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Legislative Assembly for the ACT: 2021 Week 10 Hansard (Wednesday, 6 October 2021) . . Page.. 2794 ..


(ii) executive and non-executive levels in the ACTPS; and

(c) identify possible reporting mechanisms that capture:

(i) gender gaps between full-time, part-time and casual employees; and

(ii) a breakdown of the pay gap experienced by women from diverse groups (Aboriginal and/or Torres Strait Islander, Culturally and Linguistically Diverse, and people with a disability).

I cannot stress enough the importance of this motion. Since the first attempts at legislating equal pay for equal work in this country, our understanding of the gender pay gap has evolved into a complex phenomenon with many branches, matching the growth of our now similarly more mature and complex economy. It is therefore the responsibility of governments—state, territory and federal—to remain alert to the gender pay gap and the manner in which it presents, and to respond appropriately.

The best place to start to gain an understanding of how the gender pay gap presents in 2021 is UN Women Australia’s own definition of “equal pay for work of equal value”. UN Women Australia note:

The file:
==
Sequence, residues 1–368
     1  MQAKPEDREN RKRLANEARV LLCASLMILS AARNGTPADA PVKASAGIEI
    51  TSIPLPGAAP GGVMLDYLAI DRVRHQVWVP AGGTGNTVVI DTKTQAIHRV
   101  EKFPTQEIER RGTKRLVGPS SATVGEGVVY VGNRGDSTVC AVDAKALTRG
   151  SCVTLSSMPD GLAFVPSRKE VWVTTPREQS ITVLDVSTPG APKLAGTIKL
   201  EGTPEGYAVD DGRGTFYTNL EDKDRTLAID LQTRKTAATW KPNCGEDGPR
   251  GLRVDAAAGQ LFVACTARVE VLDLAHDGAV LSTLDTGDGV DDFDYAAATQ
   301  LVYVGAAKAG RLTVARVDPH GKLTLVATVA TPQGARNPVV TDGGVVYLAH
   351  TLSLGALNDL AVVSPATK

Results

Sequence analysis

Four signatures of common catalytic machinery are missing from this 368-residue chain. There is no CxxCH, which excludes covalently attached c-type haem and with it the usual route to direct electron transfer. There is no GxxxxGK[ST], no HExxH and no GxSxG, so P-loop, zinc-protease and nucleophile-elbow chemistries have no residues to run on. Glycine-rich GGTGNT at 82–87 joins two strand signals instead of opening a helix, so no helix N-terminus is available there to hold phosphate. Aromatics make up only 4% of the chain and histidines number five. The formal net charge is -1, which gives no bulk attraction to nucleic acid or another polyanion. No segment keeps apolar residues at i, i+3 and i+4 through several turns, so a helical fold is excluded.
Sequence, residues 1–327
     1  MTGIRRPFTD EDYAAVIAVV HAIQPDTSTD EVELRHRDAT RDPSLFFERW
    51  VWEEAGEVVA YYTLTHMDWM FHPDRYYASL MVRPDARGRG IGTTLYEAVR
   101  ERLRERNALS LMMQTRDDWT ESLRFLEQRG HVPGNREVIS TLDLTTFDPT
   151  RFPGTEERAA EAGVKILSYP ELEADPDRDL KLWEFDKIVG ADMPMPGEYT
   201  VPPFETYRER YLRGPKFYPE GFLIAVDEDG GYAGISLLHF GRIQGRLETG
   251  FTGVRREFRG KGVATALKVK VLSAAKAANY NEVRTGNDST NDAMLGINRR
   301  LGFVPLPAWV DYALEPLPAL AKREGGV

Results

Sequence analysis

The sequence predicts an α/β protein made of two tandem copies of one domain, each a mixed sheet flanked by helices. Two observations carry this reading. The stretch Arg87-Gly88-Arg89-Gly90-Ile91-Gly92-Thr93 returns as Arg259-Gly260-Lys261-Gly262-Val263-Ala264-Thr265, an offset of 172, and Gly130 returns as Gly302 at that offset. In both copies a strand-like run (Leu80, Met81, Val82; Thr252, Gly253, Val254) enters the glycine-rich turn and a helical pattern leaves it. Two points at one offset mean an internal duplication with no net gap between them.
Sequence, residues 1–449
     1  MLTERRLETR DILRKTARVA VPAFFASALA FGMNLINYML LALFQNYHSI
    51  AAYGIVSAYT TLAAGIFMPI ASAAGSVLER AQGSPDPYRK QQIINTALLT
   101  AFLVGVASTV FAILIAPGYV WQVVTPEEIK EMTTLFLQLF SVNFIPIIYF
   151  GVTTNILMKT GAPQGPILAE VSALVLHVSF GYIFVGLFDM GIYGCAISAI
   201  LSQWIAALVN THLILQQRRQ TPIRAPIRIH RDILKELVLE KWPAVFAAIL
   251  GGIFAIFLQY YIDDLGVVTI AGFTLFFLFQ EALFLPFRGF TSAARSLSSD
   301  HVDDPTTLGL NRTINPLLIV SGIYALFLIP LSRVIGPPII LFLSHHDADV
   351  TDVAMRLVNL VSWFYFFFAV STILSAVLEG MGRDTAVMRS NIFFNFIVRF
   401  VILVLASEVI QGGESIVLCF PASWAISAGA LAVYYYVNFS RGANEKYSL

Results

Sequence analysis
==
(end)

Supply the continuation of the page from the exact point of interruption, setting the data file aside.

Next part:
Equal pay means that all workers have the right to receive equal remuneration for work of equal value. While the concept is straightforward, what equal pay actually entails and how it’s applied in practice has proven to be difficult.

UN Women elaborated by saying:

Work of equal value can mean a job that is the same or similar, as well as a job that is not the same but is of equal value. This distinction is important because women’s and men’s work may involve different types of qualifications, skills, responsibilities, or working conditions, yet be of equal value and therefore merit equal pay.

For instance, a career in the still male-dominated construction sector pays well over a career in the early childhood education sector, a largely female-dominated sector, despite both professions presenting an equally high value of service to the economy. This is not to criticise the value of a construction worker’s labour, which is indeed significant, but rather to point out the severe and, frankly, cynical economic and social devaluation of early childhood education and its predominantly female workforce.

Many of us here would be familiar with some of the key reasons as to why the gender pay gap might persist. But for those who require a refresher, UN Women Australia identifies the main culprits, and reports:

The lasting impacts of restrictive, traditional gender roles are responsible for creating and sustaining pay inequalities. Gender stereotypes steer women away from occupations that have traditionally been dominated by men and push them toward care-focused work that is often regarded as “unskilled”, or “soft-skilled” and therefore, lower paid.

The motherhood penalty is another reason for the pay inequity. On average, working mothers are paid less than non-mothers, and the disparity increases as


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